Another big benefit is improved business agility. With IT underpinning virtually all commercial activity, being able to change infrastructure quickly can be a real competitive advantage. In the past, for example, a company looking to offer a new product line or service would first have to design and build the IT systems needed to support everything from design and construction to supply chains and sales. This process could take many months, as hardware was installed, applications sourced and customised data stores put in place. Cloud services radically change this process. A business can rent the processing and storage capacity it requires and have it made available almost instantly. Cloud-based software can be configured quickly, with links established to back-end processes such as billing and accounting.
“All businesses need to be able to speed up the process of getting an idea to market,” Tudehope says. “Cloud allows you to have a supporting IT infrastructure in place in minutes or hours, as opposed to weeks, months or years, as has been the case in the past.” While the benefits of the cloud are significant, some experts advise planning carefully before jumping in with both feet. Proper assessment of the growing number of options on the market is critical for long-term success.
Optus Business managing director Rob Parcell says many organisations opt for a phased approach to the cloud. This may mean initially using a cloud provider for tasks such as disaster recovery or off-site back-up services. “Once customers become confident [in the cloud], they will tend to put more services into the environment,” he says. Such a path tends to involve incremental steps and the adoption of a so-called “hybrid cloud” strategy. As a first step, an organisation creates what is termed a “private cloud” by evolving its existing internal IT resources. Through the use of a technique called virtualisation, application servers and data stores are morphed into an integrated, on-demand infrastructure. An organisation’s users then access resources from a central computing pool (or cloud). In some cases, a charge-back model can be introduced, creating transparency in the amount of resources consumed by particular users or departments.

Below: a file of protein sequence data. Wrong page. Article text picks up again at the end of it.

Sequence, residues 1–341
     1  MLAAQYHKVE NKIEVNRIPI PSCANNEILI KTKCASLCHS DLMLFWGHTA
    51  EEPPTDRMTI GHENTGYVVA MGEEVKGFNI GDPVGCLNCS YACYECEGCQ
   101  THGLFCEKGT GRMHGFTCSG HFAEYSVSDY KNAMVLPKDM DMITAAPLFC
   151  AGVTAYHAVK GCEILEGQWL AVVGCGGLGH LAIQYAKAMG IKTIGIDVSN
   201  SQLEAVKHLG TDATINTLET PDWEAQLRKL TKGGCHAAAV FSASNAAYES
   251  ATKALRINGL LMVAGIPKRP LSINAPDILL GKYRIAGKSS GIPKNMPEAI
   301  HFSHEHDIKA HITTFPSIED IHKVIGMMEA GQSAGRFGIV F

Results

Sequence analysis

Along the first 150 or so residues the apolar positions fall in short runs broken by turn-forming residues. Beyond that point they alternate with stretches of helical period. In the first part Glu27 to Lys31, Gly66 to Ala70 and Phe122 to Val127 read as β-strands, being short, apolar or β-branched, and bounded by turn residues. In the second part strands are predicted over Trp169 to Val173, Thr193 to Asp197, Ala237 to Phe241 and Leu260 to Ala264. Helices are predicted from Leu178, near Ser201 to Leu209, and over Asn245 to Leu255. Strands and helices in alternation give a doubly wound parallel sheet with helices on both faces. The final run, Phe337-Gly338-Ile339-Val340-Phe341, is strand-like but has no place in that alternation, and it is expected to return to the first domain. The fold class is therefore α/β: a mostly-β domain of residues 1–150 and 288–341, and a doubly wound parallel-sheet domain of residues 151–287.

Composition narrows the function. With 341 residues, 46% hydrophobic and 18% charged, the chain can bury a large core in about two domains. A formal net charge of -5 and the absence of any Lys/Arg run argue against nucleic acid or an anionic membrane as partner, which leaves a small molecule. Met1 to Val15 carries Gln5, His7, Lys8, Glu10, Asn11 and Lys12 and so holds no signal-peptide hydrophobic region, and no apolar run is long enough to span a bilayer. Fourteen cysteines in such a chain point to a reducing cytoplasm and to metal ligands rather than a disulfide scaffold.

The second step is to link this private cloud to external cloud resources, creating the flexibility to access extra capacity during times of peak demand. “Technology has evolved to the point where it is a relatively straightforward decision for an organisation to move at least part of its IT infrastructure into the cloud,” Parcell says. “I think that within three years we’ll see the majority of organisations using a cloud service in some way.” Tudehope agrees: “I have no doubt we will look back in five to 10 years and see that what was happening in 2011 was a fundamental change in how we procure IT services.”
Source The Australian